We almost had a different Canadian playing for the title this year. Thompson, another Carter devotee from the Big Smoke, was signed by the Lakers off the buyout market this past April as an insurance policy for the playoffs – presumably because of his previous title run alongside King James with the 2015-16 Cleveland Cavaliers.
Thompson was a different player then. The fourth overall pick in the 2011 NBA Draft was at the peak of his somewhat limited powers; Thompson’s durability and offensive rebounding allowed him to play at a respectable level for most of his nine years with Cleveland, typically as their starting centre.
Things went a bit sideways after LeBron left town the second time. Age, injuries and some dubious off-court life choices have Thompson on the fringes of the NBA – he played for three different teams this year before LA gave him one more shot at the Larry O’Brien Trophy. But Thompson will always have that 2016 comeback win over the Warriors on his lengthy resume.
2. Andrew Wiggins (2022)
Surprise! You may have been expecting to see Andrew Wiggins lead our list of top five Canadians to win the NBA title, based on how important he was for the Warriors last year, but as the song goes, he just hasn’t earned it yet. Wiggins is the poster child for the Carter Generation of Toronto ballers, a preternaturally gifted swingman who never did live up to his billing as the clear No. 1 pick for Cleveland at the 2014 NBA Draft.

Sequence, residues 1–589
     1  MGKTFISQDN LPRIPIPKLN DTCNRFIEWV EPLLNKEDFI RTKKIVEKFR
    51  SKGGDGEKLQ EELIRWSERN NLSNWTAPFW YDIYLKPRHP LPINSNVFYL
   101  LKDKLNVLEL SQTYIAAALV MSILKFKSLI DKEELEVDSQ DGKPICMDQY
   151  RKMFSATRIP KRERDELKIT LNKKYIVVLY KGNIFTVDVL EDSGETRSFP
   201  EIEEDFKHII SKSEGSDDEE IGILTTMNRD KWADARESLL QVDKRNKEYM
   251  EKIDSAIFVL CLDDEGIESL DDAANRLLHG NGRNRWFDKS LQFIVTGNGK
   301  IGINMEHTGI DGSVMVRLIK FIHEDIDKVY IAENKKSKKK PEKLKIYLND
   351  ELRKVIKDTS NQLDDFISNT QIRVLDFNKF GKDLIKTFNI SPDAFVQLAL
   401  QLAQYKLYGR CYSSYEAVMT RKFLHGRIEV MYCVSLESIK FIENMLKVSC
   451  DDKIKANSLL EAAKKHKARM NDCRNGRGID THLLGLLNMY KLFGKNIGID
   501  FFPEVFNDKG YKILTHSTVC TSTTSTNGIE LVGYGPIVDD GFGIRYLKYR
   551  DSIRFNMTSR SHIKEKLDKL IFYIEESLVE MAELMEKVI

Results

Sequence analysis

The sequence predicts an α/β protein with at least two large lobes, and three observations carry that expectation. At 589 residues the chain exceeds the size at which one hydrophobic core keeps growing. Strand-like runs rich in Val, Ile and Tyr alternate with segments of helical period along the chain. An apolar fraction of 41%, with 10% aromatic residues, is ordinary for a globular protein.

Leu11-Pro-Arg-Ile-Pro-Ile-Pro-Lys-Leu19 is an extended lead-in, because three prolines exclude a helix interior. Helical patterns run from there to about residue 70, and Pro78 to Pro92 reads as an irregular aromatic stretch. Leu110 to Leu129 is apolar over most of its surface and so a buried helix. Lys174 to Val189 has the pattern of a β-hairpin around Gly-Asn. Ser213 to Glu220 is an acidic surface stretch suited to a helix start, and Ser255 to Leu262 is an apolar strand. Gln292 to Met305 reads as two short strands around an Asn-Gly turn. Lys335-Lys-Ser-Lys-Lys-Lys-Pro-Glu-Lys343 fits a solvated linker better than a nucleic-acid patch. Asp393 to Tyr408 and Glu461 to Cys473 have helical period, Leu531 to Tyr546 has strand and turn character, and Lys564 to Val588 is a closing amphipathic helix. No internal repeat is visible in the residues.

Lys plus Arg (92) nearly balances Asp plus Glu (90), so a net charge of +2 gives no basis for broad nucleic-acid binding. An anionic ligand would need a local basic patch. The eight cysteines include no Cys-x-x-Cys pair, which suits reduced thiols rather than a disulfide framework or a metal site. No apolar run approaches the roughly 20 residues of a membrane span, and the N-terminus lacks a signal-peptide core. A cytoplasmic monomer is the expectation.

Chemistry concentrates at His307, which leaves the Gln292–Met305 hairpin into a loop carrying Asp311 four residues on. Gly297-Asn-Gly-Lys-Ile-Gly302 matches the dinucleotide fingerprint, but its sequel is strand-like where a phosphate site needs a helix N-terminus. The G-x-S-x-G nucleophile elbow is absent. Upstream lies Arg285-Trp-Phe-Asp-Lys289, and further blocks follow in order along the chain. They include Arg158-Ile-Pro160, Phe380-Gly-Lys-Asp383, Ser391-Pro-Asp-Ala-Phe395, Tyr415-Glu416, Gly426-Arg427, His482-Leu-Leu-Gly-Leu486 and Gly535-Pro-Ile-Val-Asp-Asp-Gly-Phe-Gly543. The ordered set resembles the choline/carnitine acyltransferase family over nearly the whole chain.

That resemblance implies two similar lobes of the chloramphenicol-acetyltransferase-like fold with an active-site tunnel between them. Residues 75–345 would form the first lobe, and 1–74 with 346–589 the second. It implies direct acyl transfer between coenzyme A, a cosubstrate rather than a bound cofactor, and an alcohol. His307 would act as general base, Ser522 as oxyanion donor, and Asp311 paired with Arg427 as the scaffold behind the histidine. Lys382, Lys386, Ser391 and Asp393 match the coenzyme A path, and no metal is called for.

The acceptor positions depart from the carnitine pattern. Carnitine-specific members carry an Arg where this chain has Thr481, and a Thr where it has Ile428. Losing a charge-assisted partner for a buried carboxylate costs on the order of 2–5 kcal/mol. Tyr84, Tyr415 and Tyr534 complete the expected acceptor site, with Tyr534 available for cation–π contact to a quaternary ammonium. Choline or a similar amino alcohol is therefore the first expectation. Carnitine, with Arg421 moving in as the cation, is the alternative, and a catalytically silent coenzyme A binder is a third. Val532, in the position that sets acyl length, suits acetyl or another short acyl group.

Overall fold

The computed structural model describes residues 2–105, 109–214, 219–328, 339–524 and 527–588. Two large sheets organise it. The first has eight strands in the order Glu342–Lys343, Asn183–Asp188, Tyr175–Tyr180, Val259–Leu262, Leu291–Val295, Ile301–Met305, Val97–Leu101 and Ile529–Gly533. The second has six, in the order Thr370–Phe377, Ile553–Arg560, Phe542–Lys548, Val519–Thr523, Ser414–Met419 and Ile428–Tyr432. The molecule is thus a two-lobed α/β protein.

He’s definitely rescued his career, though. Wiggins was immediately flipped to the Minnesota Timberwolves (alongside 2013 No. 1 overall pick Anthony Bennett, another Toronto kid who had even more trouble meeting his potential) when King James returned to Cleveland, then spent the next five-plus years languishing with one of the NBA’s most poorly-run franchises.
Wiggins was thrown a lifeline in 2020 when he was shipped to Golden State in the D’Angelo Russell trade. He worked on his defense, improved his 3-point shooting, and became a valuable supporting player for Stephen Curry and Co. at the tail end of their dynasty. Wiggins even made the All-Star team last year en route to winning the championship, although his nomination was a bit of a stretch.
1. Rick Fox (2000, 2001, 2002)
Andrew Wiggins may have started his basketball journey trying to emulate Vince Carter, but he’s wisely turned into Rick Fox instead. Fox (born in Toronto, raised in the Bahamas and Indiana) was a classic “3-and-D” guy for the Lakers during their three-peat at the turn of the millennium, fitting like a glove alongside Shaquille O’Neal and Kobe Bryant. He made both Toronto and Canada proud at a time when this country was just starting to find its basketball footing.
Even more remarkable: These three titles all came after Fox had turned 30. He was a late first-round pick by the Boston Celtics in 1991, and became their first Opening Day rookie starter since Larry Bird in 1979. Boston went through a lengthy rebuild between the Bird and Paul Pierce Eras, and Fox did yeoman service for six years before getting his release in 1997 and signing with the rival Lakers.
Technically, Fox ended his career with Boston after he and Gary Payton were traded there in 2004, but Fox retired instead to focus on his burgeoning career in acting and media. He was inducted last year to the Canada Basketball Hall of Fame for his accomplishments, and he deserves to be No. 1 on our list of the top five Canadians to win the NBA title here at Bodog Sportsbook – at least for now.